It’s amazing to think that The Beatles released their first single in 1962. This was also the first year that a Bond picture came out with Dr. No. Both entities are still extraordinarily relevant. Famously, Sean Connery’s Bond dissed the Fab Four in 1964’s Goldfinger.
007 fans got some welcome news this week as Cary Fukunaga was announced as the director of the 25th (and as yet untitled) official James Bond film. By the time it comes out, Mr. Fukunaga will be the first American filmmaker to make a Bond pic in its 58 year history.
He brings an exciting resume to the fold. In addition to a filmography that includes varied directorial efforts like Sin Nombre, Jane Eyre, and Beasts of No Nation, his screenwriting credits include last year’s smash It and TV’s The Alienist. His work behind the camera for television also includes the critically lauded first season of HBO’s True Detective and Netflix’s Maniac with Emma Stone and Jonah Hill (which premieres today).
The pick was a surprise and it wasn’t just due to his U.S. heritage. The producers behind Bond had recently gone with a certain type… awards friendly directors branching out to the super spy series. After Martin Campbell successfully kicked off the Daniel Craig era (just as he did for Pierce Brosnan in Goldeneye), Marc Forster (maker of Monster’s Ball and Finding Neverland) did the disappointing Quantum of Solace. Then it was Academy Award winning Sam Mendes behind Skyfall and Spectre.
When Danny Boyle was announced as director for Bond 25, it seemed to fit the mold. He’s an Oscar winner for Slumdog Millionaire. He’s also directed some other genre fare (including Trainspotting and 28 Days Later) that made him a fairly exciting pick. Yet it somehow seemed a little safe. After creative differences caused his exit, I figured someone like Joe Wright (who last directed Darkest Hour) could be the replacement.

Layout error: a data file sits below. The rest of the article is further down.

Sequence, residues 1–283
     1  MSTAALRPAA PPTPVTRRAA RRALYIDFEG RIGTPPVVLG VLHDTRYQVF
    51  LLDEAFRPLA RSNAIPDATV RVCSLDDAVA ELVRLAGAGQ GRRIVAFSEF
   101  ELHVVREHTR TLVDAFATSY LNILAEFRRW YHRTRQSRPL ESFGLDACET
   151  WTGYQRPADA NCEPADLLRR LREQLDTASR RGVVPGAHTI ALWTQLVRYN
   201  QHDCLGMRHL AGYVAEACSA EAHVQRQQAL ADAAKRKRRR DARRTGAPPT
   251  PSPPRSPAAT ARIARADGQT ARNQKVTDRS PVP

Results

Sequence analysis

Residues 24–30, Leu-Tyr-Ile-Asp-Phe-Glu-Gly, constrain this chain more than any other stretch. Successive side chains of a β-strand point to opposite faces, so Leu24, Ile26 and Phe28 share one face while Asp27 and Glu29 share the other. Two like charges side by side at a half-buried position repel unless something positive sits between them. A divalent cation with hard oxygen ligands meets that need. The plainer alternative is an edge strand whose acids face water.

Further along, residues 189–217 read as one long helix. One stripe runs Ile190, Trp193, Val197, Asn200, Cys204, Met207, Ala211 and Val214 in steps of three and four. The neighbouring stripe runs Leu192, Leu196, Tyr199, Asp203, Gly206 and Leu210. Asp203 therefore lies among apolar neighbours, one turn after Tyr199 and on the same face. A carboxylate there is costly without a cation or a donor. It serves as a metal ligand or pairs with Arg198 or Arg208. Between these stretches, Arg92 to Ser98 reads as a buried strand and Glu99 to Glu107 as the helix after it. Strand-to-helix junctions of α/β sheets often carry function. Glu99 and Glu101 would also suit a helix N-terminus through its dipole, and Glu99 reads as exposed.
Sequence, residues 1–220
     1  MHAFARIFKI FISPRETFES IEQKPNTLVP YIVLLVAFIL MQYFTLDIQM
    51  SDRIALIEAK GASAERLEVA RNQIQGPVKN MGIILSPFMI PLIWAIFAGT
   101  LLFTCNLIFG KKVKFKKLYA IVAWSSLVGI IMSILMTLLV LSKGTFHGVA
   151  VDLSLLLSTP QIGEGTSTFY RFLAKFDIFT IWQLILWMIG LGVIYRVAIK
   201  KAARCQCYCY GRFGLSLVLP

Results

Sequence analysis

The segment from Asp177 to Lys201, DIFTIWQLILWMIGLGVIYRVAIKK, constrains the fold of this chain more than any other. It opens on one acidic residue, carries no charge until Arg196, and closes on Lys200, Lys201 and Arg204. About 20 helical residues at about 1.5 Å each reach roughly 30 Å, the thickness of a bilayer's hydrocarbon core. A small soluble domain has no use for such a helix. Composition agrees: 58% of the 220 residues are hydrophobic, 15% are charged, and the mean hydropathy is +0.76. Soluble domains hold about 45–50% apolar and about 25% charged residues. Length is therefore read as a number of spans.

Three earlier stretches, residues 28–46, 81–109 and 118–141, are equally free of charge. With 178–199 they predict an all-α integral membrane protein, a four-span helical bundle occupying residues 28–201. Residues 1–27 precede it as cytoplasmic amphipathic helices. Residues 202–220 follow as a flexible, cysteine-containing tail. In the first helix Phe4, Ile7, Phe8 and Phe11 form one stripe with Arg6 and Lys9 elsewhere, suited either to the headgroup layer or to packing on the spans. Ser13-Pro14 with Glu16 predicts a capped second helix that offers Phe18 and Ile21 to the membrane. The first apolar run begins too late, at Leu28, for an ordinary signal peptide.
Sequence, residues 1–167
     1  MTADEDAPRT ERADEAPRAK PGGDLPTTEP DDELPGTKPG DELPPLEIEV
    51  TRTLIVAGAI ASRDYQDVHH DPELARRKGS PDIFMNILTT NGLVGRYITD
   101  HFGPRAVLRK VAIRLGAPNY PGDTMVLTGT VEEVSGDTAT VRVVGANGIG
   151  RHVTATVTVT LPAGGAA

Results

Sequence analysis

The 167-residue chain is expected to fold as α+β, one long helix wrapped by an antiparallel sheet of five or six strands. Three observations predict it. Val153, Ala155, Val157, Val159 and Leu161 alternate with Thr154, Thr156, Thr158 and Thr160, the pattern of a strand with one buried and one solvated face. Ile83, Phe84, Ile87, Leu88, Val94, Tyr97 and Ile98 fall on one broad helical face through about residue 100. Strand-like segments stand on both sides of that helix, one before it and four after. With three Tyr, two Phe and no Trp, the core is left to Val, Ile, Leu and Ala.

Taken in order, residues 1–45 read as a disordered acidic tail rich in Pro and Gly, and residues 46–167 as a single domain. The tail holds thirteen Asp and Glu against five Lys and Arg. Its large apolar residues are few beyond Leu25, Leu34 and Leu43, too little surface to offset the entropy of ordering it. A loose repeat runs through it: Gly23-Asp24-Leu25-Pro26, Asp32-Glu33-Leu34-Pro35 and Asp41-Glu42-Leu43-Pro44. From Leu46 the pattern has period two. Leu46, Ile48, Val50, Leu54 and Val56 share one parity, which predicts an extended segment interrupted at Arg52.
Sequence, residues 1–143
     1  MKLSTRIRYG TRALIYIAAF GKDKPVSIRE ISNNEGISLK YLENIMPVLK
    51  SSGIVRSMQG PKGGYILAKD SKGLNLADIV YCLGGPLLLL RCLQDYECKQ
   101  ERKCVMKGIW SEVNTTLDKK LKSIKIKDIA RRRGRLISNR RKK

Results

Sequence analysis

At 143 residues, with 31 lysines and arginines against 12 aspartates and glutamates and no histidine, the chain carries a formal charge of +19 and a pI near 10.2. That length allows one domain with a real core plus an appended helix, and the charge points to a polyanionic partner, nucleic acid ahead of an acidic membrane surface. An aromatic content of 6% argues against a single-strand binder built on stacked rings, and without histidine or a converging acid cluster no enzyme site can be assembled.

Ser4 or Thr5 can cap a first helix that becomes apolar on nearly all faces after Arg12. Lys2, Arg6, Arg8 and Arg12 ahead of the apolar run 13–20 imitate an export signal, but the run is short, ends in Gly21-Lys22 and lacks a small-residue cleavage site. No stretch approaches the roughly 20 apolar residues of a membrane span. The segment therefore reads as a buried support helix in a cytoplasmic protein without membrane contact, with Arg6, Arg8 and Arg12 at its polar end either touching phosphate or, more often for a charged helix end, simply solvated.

Fukunaga is an intriguing selection and I’m curious to see how he handles what is very likely to be Craig’s final appearance as 007. And this brings us to Mr. Craig’s longevity. Sean Connery made six movies in the official canon (1983’s Never Say Never Again isn’t considered part of it). George Lazenby did the one-off On Her Majesty’s Secret Service. Roger Moore is the leader with seven. Timothy Dalton had two. Pierce Brosnan made four.
This will be Craig’s fifth 007 turn. Surprisingly, he will have actually portrayed the MI6 agent the longest by the time #25 is released in February 2020. His 14 year reign will eclipse the 12 years that Moore played him.
Attention will soon turn to the next Bond. If I had to guess, I figure the seventh actor to play him will debut onscreen in November 2022. There’s been rumors of Idris Elba taking over the role. Expect plenty of speculation over the next couple of years. By that time, the Bond franchise will be 60 years old. Like The Beatles music, it will never die and the long and winding road of the franchise continues to interest us.